In 2002, according to White House Press Secretary Ari Fleischer, America watched the mid-term congressional elections "making history." Even though the Republicans gained only six seats in the House and two seats in the Senate, the election supposedly heralded the conclusion of a major partisan realignment that started with the Reagan landslide of 1980. As conventional wisdom went, President Bush's 9/11-fueled popularity had finally rendered Democratic New Deal liberalism obsolete. And bereft of a major party leader, the Democrats reinforced this conventional wisdom in their feeble opposition to the Iraq war resolution (296-133 in the House, 77-23 in the Senate) and their crippling reluctance to challenge the President publicly.
At this point, the 2004 election seemed already decided. President Bush seemed just as invulnerable as his father had after the easy victory of Operation Desert Storm. But now, 23 months later, the president has fallen behind in three major polls (50-46 in the AP poll, 47-45 in Newsweek, 46-45 from Zogby) to his challenger, Senator John Kerry, after an embarrassing showing in the first presidential debate. Even the president's modest leads in other polls belie the fact that undecided voters, especially numerous in this election, traditionally break two-to-one for the challenger. Either he must carry a large lead into the final polls, which he has not yet done, or he will lose. So what happened to the realignment? It actually looks more like a different, quieter revolution is taking place, one that will bring the Democratic party into power for years to come. Conservatism may yet become the political philosophy without a voice.
The danger for the Republicans is that they have no definite future: President Bush has certainly rallied the right, but has drawn popularity and power strictly to himself, not his party. His steadfast refusal to admit the danger of potential failure in Iraq is a move partially to maintain support in the short term leading up to this next election. He must know full well that any political gains now will come at a heavy cost for his party later. With an administration that has proved so relentlessly political, it is possible that he does not care.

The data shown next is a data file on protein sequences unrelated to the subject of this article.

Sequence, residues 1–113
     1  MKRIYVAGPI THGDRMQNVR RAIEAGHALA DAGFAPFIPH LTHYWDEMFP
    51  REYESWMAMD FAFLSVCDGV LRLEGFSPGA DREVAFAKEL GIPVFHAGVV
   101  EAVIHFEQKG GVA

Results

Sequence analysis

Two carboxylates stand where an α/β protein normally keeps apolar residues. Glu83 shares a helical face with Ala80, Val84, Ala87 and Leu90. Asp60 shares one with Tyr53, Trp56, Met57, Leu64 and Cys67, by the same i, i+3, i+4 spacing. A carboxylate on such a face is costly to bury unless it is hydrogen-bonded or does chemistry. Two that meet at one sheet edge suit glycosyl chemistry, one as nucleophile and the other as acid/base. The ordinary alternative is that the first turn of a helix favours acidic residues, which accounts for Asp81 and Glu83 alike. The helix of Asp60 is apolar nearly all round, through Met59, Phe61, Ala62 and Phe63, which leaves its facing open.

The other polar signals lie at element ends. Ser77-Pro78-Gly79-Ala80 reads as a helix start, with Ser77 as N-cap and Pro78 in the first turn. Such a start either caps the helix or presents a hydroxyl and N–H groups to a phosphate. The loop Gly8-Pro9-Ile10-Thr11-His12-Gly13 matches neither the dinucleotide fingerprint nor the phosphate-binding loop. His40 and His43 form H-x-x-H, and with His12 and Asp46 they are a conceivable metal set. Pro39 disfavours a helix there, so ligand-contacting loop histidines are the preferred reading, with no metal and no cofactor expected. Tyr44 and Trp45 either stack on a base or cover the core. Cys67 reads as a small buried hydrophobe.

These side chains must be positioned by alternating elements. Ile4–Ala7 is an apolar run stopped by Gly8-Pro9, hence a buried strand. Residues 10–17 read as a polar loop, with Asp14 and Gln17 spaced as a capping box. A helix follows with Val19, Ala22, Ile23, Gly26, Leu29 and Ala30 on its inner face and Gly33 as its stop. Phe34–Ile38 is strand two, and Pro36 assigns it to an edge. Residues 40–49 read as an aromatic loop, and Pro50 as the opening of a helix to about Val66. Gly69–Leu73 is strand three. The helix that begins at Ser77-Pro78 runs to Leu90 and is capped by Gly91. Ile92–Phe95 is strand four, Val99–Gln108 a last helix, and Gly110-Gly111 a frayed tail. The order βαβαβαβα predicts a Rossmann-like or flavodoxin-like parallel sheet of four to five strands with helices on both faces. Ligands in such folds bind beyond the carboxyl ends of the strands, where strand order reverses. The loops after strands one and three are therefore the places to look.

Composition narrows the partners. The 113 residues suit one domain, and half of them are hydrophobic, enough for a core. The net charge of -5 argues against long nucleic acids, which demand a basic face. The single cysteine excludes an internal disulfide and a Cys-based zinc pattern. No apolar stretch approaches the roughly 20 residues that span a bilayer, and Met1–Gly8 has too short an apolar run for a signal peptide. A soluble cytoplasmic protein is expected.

But the future weakness of the Republican party cannot all be blamed on Bush: There is simply nobody left after him to take up the party mantle. Who could run in 2008? Bill Frist has lost popularity in the drudgery and contention of running the Senate. Governor Jeb Bush will be tarred, not helped, by family association. Senator John McCain and Secretary of State Colin Powell, once hugely popular, have lost credibility by letting themselves be used for political gain by the President. Governor Arnold Schwarzenegger is not a native-born American citizen. Senator Chuck Hagel has little standing upon the national political stage. And Attorney General John Ashcroft has declared his interest in a 2008 run, but any such candidacy could be nothing but a joke. Only former NYC Mayor Rudolph Giuliani or New York Governor George Pataki could form truly viable candidates. Regardless of who wins this year, what with incumbent fatigue and Bush's growing unpopularity, the 2008 Republican candidate for president will be much weaker than Bush was in 2000.
Conservatism has also lost credibility as a unified political philosophy because of Bush's short-term political moves. The President has increased deficit spending to a record level; he has peremptorily invaded a foreign country in order to spread democracy; and he has advocated amending the Constitution for social policy reasons instead of the experimentalism of the federalist approach. Despite his rhetoric, the president is no real successor to Reagan. Something is obviously off when the cover of the National Review asks "What Went Wrong?" A couple of attempts have been made, by David Brooks in a thoughtful and clear article in the New York Times Magazine and by Marshall Wittman's reformist and McCain-centered "National Greatness Conservatism." There are two strong reasons to doubt the future success of these proposals. First, neither formulation would be able to attract the evangelical social right, which forms a crucial part of the current Republican coalition. Secondly, Bush's choice of tactics in foreign policy has subverted long-term goals into short-term political gain. The Republican party had the chance to present the war on terrorism as the Cold War of the new century; instead, the president has made it his personal war, a war whose success depends on his own popularity and political fortunes. As a result, it is hard to describe a coherent conservative foreign policy that transcends the role of its current leader.
Because of the president's overwhelming politicization of policy, the Republican party stands to lose badly in this election and in elections to come. As a restult, the Democrats may soon hold both the Oval Office and the Senate, with a clear mandate to govern. But this coronation comes only because of the failures of the other side. Does the Democratic Party deserve this chance? Nancy Pelosi has yet to rally the House opposition, even after Gephardt was replaced for the losses in the 2002 elections. Even nationally prominent senators, such as the ones running for president and vice president, voted for both the Patriot Act and the resolution authorizing the war in Iraq. If the Democrats win in 2004 but fail to improve conditions in Iraq quickly, they will be beaten much worse in 2008.
John Kerry has signaled a new direction for the party in his campaign rhetoric through his strong internationalist and interventionist foreign policy positions and his offer of the vice presidency to John McCain. In effect, the future of the Democratic party now rests on the sincerity of its candidate. The coronation may be undeserved, but it had better be earned quickly.